4) An Orchestra of PEKs – Many tracks of PEKs performing on a broad section of the Arsenal. The last of these, Some Truths are Known, is a mammoth 4-hour studio construction / composition in 3 eighty-minute movements. I list 110 instruments in the notes for this album….
In the batch of PEK Solo albums from the last few months, 3 fall into Category 1… The first was for tenor sax alone, the second (a Requiem for my father) was for clarinets, flutes and gongs, and this one is for alto sax alone. The three albums are:
Pursuing the Ideal Limit of Inquiry
Requiem for Raymond
For Alto (for Anthony Braxton)
I just had my alto in the shop for an overhaul… The horn is a Selmer Balanced Action from the 1950s. Vintage Selmers are prized instruments for sax players. I also have tenor and baritone Selmer Mark VI horns from the 1960s. The alto was in pretty good condition when I bought it roughly 5 years ago, but it was unclear when it received its last major service. About a month ago, I took it to my horn tech who made some adjustments and tune ups but mentioned that the pads were very dry. After some discussion, I decided to do the full overhaul and I picked up the horn a few days ago. As soon as I decided to do the overhaul, I also decided to do the next Category 1 PEK Solo on the alto.
Anthony Braxton created a seminal work for solo alto saxophone in 1969 entitled For Alto. This work established album length solo improvised performance as a thing, inspiring many others to perform similar improvisations on their instruments. It’s been a little over 50 years and this approach is now relatively common in free improvisation practice. I have titled this work For Alto in tribute to Braxton’s revolutionary statement.
Until the stupid virus is over and more normal interactions are possible with other people, I will continue to create PEK Solo new works using the four concepts listed above and maybe some new ones. There will also be some small group Leap of Faith and Metal Chaos Ensemble sets. Evil Clown will resume its normal routines when it is safe to do so.
As usual, the chaos of the universe throws problems which require our attention. Expression must be expressed. Music must be made. The chaos of the universe demands it.
PEK – 10/18/2020
Liner Notes by PEK
Every once in a while, there is a break in the crazy schedule here at Evil Clown and I have some time to do a solo album. Our grand olde pal, the Corona Virus has provided such a break in spades…. At the beginning of the year, it appeared that the year would be our busiest yet… We did a bunch of albums in January, February and the first weeks of March, and then I was forced to cancel a bunch of wonderful performances scheduled for the months that followed. So, I caught up all my old business: web site, social media, distribution, and the other non-musical activity required to drive the enterprise. Then I took a month off… my biggest rest since I started up in 2015 after my long hiatus. In mid-May I started up again, conceiving some new means of producing some of the enormous output normally achieved by Evil Clown.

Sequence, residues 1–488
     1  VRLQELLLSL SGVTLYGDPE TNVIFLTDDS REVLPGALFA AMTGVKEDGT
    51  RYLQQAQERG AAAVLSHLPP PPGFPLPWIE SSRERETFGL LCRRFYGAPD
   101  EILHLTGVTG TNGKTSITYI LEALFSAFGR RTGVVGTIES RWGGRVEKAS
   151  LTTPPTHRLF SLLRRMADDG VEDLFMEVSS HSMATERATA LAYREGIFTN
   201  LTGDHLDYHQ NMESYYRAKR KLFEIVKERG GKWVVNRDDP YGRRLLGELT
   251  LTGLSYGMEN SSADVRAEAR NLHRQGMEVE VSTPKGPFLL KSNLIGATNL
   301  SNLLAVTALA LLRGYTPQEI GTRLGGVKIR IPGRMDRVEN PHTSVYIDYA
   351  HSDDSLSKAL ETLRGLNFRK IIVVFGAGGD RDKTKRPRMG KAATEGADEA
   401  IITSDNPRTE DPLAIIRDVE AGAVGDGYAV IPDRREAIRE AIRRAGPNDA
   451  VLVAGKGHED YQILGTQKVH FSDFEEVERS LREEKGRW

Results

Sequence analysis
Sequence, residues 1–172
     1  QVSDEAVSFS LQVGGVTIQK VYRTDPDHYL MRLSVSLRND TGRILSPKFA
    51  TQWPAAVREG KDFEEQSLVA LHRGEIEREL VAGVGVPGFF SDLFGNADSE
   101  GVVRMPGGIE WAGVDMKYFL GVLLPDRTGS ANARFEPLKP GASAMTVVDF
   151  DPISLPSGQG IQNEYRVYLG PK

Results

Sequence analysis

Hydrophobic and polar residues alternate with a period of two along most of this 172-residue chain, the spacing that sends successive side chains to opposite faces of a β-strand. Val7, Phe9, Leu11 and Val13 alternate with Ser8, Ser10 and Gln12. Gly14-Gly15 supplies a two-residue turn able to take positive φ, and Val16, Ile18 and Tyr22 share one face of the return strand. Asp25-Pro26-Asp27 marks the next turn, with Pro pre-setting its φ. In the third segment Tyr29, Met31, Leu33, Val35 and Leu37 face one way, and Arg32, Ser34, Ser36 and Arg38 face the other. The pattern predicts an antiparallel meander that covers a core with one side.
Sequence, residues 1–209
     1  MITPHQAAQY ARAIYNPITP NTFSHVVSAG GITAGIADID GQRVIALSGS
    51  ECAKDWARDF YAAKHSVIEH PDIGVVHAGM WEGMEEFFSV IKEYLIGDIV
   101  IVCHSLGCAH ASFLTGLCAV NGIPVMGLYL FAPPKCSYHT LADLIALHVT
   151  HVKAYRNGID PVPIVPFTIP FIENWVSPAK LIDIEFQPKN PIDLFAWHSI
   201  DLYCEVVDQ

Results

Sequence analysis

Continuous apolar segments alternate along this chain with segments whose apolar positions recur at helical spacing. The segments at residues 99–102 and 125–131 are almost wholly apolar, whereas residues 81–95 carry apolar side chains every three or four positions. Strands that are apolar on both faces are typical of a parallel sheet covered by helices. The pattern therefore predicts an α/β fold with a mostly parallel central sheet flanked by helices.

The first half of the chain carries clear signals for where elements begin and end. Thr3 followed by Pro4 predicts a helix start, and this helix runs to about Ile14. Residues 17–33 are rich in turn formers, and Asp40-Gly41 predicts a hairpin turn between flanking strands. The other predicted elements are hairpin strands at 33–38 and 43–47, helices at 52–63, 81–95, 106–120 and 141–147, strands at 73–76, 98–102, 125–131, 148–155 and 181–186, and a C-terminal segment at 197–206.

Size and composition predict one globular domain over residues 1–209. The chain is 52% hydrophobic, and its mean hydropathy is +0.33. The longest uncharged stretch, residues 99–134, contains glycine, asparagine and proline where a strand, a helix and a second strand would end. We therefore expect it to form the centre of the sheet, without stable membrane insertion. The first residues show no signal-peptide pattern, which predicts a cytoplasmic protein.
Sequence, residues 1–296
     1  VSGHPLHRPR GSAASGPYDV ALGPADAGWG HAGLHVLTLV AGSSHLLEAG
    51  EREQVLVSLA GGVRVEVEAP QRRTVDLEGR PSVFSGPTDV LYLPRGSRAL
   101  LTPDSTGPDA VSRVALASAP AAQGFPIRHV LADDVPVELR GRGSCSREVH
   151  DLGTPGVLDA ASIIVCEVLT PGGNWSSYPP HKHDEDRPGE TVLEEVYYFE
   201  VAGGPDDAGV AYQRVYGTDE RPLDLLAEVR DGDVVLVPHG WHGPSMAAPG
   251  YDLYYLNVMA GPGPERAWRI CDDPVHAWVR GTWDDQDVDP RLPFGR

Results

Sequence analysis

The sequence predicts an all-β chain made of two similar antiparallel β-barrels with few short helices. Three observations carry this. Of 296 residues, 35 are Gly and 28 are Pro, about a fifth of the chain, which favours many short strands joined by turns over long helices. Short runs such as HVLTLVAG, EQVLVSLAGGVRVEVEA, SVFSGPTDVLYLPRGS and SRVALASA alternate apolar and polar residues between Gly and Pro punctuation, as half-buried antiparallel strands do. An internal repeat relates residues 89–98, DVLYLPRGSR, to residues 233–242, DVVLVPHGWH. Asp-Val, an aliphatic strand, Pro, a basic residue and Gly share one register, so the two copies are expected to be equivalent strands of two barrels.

For obvious reasons, I have been producing a lot more PEK Solo albums than I do in a typical year. As with larger ensemble Evil Clown sessions, the planning involves selecting sound resources from the massive Evil Clown Arsenal and setting up the studio with these instruments to allow rapid changes in instrumentation and therefore in sonority.
On Metal Chaos Ensemble: "... using unique strategies to yield densely active and eerily surreal music, an incredible excursion through experimental improvisation." - Squidco website staff
Review Excerpt by Bruce Lee Gallanter,
Downtown Music Gallery (full text below)
"... PEK’s playing here sounds equally reflective, thoughtful and with less fireworks than usual. PEK lets things build, eventually erupting, bending & twisting those notes to near breaking point. There appears to be a good balance here of the extremes, building to free frenetics and then coming back down to the planet Earth….”
Excerpt from PEK Liner Notes (full text below)
“...Anthony Braxton created a seminal work for solo alto saxophone in 1969 entitled For Alto. This work established album length solo improvised performance as a thing, inspiring many others to perform similar improvisations on their instruments. It’s been a little over 50 years and this approach is now relatively common in free improvisation practice. I have titled this work For Alto in tribute to Braxton’s revolutionary statement..."
PEK - 18 October 2020
In 1969 alto saxophonist Anthony Braxton released an unprecedented solo saxophone album, For Alto, dedicating each piece to a composer or player, including Leroy Jenkins and John Cage; Boston improviser David Peck took this album as inspiration to create his own extended solo improvisation as a tribute to Braxton, performing on a classic Selmer Balanced Action saxophone.